Perry J, Garrett M, Gronley JK, Mulroy SJ. Classification of walking handicap in the stroke population. Stroke. 1995;26(6):982-989.
Schmid A, Duncan PW, Studenski S, Lai SM, Richards L, Perera S, Wu SS. Improvements in speed-based gait classifications are meaningful. Stroke. 2007;38(7):2096-2100.
Severinsen K, Jakobsen JK, Overgaard K, Andersen H. Normalized muscle strength, aerobic capacity, and walking performance in chronic stroke: a population-based study on the potential for endurance and resistance training. Arch Phys Med Rehabil. 2011;92(10):1663-1668.
Parkinson's Disease Specific References:
Schenkman M, Cutson TM, Kuchibhatla M, Chandler J, Pieper C. Reliability of impairment and physical performance measures for persons with Parkinson's disease. Phys Ther. 1997;77(1):19-27.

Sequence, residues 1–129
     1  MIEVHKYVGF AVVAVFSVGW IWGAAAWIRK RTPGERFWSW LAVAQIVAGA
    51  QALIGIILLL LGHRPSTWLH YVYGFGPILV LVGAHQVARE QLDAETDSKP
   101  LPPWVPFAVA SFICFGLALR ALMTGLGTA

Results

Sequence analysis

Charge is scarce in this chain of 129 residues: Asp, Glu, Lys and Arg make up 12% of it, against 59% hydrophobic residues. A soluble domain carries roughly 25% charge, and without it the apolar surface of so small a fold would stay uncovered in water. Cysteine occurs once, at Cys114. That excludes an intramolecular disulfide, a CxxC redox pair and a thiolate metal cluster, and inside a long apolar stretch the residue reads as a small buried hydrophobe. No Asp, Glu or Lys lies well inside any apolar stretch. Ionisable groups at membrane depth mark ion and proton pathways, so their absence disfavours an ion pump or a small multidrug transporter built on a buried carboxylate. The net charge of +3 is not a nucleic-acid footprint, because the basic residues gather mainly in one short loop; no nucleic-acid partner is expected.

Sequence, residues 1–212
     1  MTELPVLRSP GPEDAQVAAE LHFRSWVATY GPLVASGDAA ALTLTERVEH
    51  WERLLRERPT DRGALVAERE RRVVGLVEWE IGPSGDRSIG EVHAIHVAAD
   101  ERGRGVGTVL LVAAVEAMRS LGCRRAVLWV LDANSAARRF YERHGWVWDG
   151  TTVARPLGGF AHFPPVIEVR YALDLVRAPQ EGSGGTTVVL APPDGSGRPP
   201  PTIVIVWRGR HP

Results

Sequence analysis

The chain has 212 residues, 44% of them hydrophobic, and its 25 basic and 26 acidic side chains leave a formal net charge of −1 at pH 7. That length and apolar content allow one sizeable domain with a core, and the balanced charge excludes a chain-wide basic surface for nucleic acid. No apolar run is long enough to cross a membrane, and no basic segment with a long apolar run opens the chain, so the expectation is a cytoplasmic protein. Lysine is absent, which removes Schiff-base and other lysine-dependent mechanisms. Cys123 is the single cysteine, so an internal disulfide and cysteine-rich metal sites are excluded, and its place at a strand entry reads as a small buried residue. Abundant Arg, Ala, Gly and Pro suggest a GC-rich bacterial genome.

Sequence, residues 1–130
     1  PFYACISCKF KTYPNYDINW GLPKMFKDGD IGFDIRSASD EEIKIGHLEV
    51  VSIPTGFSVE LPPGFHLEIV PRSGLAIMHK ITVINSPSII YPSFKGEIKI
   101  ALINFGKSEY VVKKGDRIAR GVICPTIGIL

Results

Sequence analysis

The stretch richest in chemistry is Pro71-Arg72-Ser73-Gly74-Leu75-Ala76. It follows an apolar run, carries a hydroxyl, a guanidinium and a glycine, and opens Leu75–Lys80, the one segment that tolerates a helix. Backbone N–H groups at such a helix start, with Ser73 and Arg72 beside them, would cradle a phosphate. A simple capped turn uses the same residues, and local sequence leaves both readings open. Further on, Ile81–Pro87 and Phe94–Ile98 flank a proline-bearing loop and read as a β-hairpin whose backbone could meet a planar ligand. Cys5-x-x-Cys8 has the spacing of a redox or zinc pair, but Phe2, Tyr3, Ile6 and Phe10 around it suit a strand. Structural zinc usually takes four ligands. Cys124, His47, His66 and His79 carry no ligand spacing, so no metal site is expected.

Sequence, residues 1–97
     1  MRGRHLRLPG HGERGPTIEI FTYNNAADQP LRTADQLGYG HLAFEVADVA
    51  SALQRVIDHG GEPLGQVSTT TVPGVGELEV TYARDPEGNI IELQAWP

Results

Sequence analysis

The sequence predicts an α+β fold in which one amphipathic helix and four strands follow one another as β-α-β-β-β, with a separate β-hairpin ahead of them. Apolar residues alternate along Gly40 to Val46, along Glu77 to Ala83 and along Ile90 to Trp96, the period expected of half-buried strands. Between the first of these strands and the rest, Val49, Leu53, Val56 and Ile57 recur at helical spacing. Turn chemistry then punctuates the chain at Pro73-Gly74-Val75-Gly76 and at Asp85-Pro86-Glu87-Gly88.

Steffen T & Seney M. Test-retest reliability and minimal detectable change on balance and ambulation tests, the 36-item short-form health survey, and the unified Parkinson disease rating scale in people with parkinsonism. Phys Ther. 2008;88(6):733-746.
Traumatic Brain Injury Specific References:
Moseley AM, Lanzarone S, Bosman JM, van Loo MA, de Bie RA, Hassett L, Caplan B. Ecological validity of walking speed assessment after traumatic brain injury: a pilot study. J Head Trauma Rehabil. 2004;19(4):341-348.
Disease-Specific References - Orthopedic:
Hollman JH, Beckman BA, Brandt RA, Merriwether EN, Williams RT, Nordrum JT. Minimum detectable change in gait velocity during acute rehabilitation following hip fracture. J Geriatr Phys Ther. 2008;31(2):53-56.
Latham NK, Mehta V, Nguyen AM, Jette AM, Olarsch S, Papanicolaou D, Chandler J. Performance-based or self-report measures of physical function: which should be used in clinical trials of hip fracture patients? Arch Phys Med Rehabil. 2008;89(11):2146-2155.